A St. Louisan’s perspective about St. Louis’ reputation!
The events of August and November, 2014 have long surpassed merely being a public relations issue which can be remediated and eventually dismissed through boastful and ‘chest thumping’ rhetoric. The events have now materialized as full blown reputation risks that will be long lasting, costly, and perhaps irreversible. Perhaps that is the only path to influence policy makers and/or business management teams to first ‘listen’ to citizens or consumers and engage in serious, necessary, and hopefully permanent change!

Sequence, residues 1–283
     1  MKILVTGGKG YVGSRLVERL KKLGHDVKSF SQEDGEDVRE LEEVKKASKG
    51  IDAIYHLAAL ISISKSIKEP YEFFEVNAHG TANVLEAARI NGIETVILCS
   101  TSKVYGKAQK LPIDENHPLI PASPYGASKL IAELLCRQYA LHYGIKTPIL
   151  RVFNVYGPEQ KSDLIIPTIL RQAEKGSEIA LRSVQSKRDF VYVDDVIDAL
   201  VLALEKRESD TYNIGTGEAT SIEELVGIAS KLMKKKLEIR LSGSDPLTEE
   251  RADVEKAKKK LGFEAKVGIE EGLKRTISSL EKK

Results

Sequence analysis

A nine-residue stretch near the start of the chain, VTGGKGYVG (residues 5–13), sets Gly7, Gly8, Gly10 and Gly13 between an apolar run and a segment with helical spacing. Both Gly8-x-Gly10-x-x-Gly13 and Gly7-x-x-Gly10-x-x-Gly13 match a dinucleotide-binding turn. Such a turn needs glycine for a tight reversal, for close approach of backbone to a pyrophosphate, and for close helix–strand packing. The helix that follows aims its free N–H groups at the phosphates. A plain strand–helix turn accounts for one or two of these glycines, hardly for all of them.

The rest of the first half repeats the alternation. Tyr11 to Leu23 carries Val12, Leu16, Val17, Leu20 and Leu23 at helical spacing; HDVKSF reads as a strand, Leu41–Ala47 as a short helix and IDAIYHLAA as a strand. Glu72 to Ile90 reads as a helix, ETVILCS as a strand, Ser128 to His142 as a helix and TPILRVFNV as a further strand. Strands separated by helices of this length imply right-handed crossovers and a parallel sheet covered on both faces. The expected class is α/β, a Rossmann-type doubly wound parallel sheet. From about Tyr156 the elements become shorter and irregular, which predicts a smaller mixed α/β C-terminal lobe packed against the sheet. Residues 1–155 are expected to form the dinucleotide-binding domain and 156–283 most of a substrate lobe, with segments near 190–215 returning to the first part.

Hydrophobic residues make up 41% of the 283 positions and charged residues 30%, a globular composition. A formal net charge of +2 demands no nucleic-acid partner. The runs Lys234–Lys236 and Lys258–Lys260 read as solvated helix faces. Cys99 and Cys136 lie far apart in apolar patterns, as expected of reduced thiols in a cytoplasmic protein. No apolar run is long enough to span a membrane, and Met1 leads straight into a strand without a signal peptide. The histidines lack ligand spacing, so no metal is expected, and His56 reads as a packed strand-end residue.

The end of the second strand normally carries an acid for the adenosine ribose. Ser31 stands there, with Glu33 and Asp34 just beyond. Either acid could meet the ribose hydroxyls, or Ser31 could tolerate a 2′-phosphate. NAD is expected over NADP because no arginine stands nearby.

You pick the city and I’m confident you will find its reputation evolves not from a single asset, rather from an array of predominantly intangible (non-physical) assets which collectively meld together to intellectually and emotionally influence – distinguish our memories, experiences, and feelings that influence residents, visitors, or consumers favorably or unfavorably. Remember the adage, ‘first impressions last a lifetime’.
In other words, a cities reputation is embedded with many different intangible assets, some etched firmly in history, that is, they may flow from long held practices which have become institutionalized or emerge from single or multiple events, acts or behaviors, perhaps in concert that can alter (favorably, unfavorably) one’s previous sentiments or memories.